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Posted on Need tips on finishing curly maple to a nice brown for flag display case

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MPython

316 posts in 726 days


#1 posted 05-22-2019 12:57 PM

I’ve had good luck coloring curly maple with Trans Tint dyes. Before applying the dye, I apply a “wash coat” of Seal Coat shellac cut in half with denatured alcohol (DNA), I.E., dilute the Seal Coat as it comes from the can by half with alcohol. This gives you about a 1# cut that is very thin. Sand the maple to 320 or 400, then apply the wash coat. As soon as it is good and dry (it dries very quickly) sand it with 320 or 400 grit paper. The thin shellac soaks into the figured grain and partially seals it so it won’t absorb too much dye and turn out blotchy. I mix Medium Brown Trans Tint with Dark Mission Brown Trans Tint until I get the color I want. Make a “rubber” to apply the dye. Take an 8” square of lint-free cotton (an old, well-washed T shirt works fine). Make a ball about the size of a golf ball or a little larger of either cotton cloth or cheesecloth, place it in the middle of the square, wrap the cloth around it and tie it off with a piece of string so you have a ball of cloth wrapped and tied inside a piece of lint-free cloth. Soak the ball with dye. I put the dye in a plastic squeeze bottle so it’s easy to squirt what you need on the rubber – you’ll need to continually soak the rubber with the dye. Gently rub the dye on the sealed maple. Move quickly to cover the entire surface because it dries fast and will streak if you’re not careful and quick. The ball of cloth inside the rubber acts as a reservoir for there dye. Squeeze the rubber as you apply it to release more dye, and recharge it as necessary. Put on lite coats and repeat until you get the color you’re looking for. When it is completely dry, sand lightly with 320 or 400 grit paper. The sanding will remove some of the dye from the straight grain and leave the curly grain darker, accenting the curl. Finish with an oil based finish. Don’t use shellac as a final finish. The alcohol in the shellac will dissolve the dye and move it around where you don’t want it. An oil based finish won’t do that. As others have recommended, try all of this on scraps of maple until you get the effect you want before applying to to your workpiece. Experimenting on your workpiece almost always leads to disappointment.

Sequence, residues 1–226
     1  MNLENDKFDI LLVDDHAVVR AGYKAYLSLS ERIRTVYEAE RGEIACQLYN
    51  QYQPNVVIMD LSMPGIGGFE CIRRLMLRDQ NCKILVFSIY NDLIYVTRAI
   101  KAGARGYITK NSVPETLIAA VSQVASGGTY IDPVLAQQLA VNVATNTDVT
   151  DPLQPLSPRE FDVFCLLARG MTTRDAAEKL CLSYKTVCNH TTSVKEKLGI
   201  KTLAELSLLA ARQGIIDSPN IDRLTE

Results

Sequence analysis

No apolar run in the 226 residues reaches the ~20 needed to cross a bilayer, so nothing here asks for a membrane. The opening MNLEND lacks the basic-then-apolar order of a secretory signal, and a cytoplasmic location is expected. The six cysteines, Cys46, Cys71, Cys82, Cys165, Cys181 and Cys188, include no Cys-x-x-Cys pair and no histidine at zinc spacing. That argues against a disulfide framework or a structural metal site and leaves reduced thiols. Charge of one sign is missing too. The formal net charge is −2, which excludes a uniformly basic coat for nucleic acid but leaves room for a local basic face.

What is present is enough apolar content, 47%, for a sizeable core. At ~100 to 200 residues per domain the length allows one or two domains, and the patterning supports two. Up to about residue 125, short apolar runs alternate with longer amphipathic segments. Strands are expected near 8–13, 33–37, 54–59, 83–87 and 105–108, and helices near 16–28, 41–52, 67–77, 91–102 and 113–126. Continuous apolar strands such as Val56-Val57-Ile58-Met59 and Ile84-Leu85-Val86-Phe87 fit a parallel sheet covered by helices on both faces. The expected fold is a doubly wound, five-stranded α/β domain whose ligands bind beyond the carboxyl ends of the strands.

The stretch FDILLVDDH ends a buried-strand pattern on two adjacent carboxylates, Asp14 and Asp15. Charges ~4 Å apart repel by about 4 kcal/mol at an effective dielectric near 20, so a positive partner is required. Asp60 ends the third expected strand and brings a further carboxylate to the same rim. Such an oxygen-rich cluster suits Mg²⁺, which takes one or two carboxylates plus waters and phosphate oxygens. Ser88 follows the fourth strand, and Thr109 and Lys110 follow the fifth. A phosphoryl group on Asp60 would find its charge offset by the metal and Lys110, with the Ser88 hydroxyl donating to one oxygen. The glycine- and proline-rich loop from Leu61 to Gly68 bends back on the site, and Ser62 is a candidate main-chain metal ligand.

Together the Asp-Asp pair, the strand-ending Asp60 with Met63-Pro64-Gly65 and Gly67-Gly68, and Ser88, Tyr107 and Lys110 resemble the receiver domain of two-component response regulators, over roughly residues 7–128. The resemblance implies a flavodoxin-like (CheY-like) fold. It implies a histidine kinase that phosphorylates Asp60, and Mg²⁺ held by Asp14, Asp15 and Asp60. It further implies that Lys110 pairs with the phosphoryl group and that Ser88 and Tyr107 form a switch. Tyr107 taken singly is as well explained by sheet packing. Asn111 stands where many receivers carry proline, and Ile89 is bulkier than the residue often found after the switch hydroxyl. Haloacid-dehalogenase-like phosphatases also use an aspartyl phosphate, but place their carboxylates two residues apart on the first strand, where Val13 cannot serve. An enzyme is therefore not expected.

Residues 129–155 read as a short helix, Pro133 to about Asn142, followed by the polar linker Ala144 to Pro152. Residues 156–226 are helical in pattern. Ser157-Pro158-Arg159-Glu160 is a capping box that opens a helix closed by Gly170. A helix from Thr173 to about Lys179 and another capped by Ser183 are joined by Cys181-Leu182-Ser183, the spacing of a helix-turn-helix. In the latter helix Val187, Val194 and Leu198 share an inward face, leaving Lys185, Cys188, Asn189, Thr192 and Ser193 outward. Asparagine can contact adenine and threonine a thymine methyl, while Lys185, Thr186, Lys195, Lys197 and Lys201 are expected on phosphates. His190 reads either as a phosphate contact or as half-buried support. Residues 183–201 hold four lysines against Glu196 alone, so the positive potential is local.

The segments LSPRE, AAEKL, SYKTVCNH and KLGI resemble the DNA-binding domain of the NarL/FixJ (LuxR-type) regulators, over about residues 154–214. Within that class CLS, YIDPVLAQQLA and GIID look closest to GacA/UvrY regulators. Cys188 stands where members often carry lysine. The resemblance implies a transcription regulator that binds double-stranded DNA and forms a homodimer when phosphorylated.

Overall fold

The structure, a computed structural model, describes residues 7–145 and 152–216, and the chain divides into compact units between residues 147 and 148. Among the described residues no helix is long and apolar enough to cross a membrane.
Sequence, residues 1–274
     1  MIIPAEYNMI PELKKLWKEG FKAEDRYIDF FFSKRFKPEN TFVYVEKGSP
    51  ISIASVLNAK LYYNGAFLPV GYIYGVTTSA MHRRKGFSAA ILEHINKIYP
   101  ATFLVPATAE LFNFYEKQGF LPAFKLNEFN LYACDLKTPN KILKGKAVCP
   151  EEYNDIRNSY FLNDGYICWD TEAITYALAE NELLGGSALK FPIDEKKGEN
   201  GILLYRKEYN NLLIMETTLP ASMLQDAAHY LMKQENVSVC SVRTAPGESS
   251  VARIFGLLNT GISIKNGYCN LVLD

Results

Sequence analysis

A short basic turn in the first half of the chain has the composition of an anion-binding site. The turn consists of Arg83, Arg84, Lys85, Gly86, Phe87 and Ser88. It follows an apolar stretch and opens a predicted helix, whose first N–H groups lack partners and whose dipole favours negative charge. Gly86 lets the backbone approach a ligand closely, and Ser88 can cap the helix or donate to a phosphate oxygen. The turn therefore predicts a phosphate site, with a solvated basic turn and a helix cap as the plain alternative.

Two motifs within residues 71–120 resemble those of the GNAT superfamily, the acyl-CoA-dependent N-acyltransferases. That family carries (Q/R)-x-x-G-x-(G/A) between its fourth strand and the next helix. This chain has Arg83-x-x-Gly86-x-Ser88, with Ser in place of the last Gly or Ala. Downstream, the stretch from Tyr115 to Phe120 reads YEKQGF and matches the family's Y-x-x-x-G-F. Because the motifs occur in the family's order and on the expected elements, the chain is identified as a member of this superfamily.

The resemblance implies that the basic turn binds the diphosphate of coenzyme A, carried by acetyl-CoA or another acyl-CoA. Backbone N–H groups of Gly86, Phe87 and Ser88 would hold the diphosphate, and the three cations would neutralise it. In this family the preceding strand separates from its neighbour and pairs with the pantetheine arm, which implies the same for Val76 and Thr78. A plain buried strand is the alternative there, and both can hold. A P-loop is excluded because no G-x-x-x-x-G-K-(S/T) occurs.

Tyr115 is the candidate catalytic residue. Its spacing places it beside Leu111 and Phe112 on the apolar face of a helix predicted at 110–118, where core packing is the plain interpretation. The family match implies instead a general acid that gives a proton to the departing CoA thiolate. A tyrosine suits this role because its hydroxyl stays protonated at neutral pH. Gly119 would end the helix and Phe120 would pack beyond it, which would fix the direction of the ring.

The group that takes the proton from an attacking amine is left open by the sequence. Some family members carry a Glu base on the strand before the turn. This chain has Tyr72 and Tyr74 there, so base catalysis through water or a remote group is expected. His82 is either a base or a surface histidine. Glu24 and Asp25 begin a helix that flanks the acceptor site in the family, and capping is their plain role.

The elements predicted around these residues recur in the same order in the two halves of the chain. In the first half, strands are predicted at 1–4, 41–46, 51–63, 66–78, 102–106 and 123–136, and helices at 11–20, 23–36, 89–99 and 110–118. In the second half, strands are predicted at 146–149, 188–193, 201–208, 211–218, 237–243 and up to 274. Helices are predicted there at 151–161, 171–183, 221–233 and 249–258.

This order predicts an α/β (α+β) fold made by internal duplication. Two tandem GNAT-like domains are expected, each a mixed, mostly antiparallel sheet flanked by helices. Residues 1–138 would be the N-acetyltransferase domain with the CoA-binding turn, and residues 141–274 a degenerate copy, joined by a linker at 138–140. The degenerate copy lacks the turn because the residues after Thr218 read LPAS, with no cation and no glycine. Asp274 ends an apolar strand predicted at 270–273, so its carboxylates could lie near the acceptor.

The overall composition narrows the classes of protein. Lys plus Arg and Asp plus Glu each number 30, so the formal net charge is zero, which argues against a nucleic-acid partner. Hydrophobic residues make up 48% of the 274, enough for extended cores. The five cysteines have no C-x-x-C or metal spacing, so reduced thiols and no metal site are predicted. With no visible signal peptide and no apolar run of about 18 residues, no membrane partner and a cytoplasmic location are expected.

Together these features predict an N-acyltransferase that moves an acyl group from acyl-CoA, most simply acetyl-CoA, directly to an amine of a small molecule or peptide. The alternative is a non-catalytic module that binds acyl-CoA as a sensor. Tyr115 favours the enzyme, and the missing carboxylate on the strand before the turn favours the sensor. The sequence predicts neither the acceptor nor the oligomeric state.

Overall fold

Here’a photo of a curly maple chest of drawers I built for my daughter thatI dyed using this method. I wanted it to finish a light color with the curl accented so I didn’t apply much dye. You can achieve a darker overall finish or adjust the color by mixing the dyes to get the color you want (including Dark Reddish Brown TransTint to add a little red if you like) and apply more of it (repeated thin coats) to get the depth of color you want. Go slow and sneak up on the the end result you’re looking for.

Good luck.

Here is a better view. I couldn’t get it to post from Flickr.

[url=https://flic.kr/p/2e4cd4o][img]https://live.staticflickr.com/4890/46637466812_cc030d623b_c.jpg[/img][/url][url=https://flic.kr/p/2e4cd4o]IMG_1622[/url] by [url=https://www.flickr.com/photos/[email protected]/]Hank Knight[/url], on Flickr


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